Last night we ate dinner with friends. These weren't "just friends" but good friends. When we agree, we do so wholeheartedly, and also when we disagree. Our conversation covered lots of stuff: shared faith, businesses, families, successes and failures, good memories and things we've learned.
One friend said it seems like our best, cherished, and most humorous memories are of our most trying experiences. So we shared those for awhile.
Then the subject of "The Economy" was raised. Among the six of us (equal gender representation), none thought that we were actually worse off now than one year ago.
All agreed that these are fearful times. But what's new about that? One person declared that if we stopped listening to the NEWS but kept on doing business as usual (working and earning, counting our dollars, saving, contributing, spending wisely), not much would change for us.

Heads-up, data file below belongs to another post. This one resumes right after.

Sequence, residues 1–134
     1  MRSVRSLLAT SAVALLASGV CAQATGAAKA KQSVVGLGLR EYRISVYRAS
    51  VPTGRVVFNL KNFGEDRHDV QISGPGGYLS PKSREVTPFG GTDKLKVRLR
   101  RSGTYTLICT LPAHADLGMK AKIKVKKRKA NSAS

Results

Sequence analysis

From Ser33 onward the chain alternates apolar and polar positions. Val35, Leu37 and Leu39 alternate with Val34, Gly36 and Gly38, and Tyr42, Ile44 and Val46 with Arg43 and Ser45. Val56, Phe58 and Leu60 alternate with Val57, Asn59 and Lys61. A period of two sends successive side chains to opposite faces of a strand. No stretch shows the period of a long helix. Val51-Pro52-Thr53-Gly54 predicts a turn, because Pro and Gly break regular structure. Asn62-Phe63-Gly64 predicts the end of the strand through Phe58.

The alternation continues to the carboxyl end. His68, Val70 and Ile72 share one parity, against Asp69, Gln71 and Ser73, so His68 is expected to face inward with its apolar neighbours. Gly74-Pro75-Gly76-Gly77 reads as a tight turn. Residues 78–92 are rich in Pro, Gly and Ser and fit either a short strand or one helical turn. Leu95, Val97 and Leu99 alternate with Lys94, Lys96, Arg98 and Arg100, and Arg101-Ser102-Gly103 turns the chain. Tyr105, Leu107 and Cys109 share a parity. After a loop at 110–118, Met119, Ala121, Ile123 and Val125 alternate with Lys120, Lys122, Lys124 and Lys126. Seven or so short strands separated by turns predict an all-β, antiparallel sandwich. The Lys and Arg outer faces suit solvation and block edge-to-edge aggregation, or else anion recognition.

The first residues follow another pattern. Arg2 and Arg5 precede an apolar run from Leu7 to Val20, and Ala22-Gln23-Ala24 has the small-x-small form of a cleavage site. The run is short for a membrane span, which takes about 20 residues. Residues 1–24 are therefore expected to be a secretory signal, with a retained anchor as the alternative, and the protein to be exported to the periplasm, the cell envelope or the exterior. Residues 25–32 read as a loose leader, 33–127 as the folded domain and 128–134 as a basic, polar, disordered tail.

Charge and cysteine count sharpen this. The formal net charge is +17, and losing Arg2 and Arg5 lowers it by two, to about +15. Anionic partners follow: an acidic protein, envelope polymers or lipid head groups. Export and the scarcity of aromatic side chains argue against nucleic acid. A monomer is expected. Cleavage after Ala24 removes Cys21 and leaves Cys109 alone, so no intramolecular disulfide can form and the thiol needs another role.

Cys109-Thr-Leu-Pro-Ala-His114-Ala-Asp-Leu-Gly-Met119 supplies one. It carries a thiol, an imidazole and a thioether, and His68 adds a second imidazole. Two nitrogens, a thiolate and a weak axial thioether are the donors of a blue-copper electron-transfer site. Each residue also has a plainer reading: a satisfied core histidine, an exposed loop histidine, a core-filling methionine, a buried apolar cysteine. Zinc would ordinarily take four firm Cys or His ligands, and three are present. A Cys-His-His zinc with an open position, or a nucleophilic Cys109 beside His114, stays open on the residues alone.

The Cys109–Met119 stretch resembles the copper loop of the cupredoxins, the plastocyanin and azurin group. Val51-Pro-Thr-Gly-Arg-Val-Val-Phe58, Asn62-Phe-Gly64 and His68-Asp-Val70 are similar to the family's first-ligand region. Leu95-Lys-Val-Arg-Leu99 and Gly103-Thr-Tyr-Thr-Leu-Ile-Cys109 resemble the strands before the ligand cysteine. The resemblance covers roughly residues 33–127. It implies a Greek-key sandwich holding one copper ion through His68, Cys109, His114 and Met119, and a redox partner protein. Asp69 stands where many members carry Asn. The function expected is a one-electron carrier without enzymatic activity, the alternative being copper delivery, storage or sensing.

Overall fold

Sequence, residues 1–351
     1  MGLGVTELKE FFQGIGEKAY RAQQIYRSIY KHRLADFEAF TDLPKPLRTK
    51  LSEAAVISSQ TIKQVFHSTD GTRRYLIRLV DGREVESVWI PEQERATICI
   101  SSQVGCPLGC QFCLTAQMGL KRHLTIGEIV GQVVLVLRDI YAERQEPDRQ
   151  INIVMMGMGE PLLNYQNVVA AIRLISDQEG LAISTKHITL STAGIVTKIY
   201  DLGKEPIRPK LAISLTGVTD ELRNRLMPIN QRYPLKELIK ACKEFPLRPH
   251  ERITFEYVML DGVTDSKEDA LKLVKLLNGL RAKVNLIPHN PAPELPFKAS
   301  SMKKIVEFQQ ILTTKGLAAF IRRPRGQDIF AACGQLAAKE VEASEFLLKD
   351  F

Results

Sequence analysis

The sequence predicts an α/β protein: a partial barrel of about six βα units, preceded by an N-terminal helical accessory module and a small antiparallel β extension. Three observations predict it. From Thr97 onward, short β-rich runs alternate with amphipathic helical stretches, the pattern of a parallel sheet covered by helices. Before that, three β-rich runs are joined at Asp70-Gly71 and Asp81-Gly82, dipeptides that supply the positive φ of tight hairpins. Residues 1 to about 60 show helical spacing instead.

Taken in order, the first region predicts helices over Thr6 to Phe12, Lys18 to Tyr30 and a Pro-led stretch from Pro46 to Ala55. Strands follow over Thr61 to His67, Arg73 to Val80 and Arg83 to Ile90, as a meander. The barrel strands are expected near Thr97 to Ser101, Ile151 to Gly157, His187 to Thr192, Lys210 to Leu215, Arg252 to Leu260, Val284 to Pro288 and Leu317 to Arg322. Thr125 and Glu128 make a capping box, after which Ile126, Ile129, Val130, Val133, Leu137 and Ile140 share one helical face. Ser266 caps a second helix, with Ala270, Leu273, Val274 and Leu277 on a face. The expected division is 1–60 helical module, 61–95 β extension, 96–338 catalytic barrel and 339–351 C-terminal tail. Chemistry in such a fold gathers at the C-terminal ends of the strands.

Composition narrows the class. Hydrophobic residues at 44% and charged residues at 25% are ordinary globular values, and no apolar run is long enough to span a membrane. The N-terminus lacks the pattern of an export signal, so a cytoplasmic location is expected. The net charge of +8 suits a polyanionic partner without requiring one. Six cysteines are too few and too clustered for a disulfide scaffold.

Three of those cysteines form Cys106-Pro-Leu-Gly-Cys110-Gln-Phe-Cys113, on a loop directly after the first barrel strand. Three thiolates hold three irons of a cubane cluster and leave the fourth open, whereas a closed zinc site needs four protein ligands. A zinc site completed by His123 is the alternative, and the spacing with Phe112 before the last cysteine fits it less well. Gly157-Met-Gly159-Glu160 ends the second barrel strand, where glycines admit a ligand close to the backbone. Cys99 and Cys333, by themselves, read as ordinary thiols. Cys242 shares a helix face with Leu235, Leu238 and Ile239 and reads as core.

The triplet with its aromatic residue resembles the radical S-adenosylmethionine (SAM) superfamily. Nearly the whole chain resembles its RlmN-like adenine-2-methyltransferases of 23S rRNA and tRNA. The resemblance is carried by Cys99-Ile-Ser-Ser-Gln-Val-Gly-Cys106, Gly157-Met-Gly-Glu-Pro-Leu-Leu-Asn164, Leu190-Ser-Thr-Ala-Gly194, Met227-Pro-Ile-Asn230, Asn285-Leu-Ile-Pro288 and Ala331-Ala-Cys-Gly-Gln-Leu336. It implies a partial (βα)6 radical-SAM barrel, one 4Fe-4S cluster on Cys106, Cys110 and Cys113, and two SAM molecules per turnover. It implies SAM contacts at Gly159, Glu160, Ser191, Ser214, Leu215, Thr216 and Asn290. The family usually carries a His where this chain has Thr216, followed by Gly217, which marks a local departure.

This quote from Pat Paulson came to mind: "We have nothing to fear but fear itself...and of course, the boogieman."
We all agreed that good and manageable relationships are built upon good economies, sound and verifiable agreements, and dinner.
I remember that a politician once opined, "It takes a village!" I'm pretty sure she was thinking of a global village, diverse in constituency yet very much unified. It seems appealing. But it appears to me that if the global village errs (i.e. the village idiot is elected as sheriff; the gold is robbed from the only bank in town), all suffer.
I much prefer the diversity found in small villages where everything is experienced and managed in good proportion: business, friendships, faith, agreements/disagreements, village idiots.
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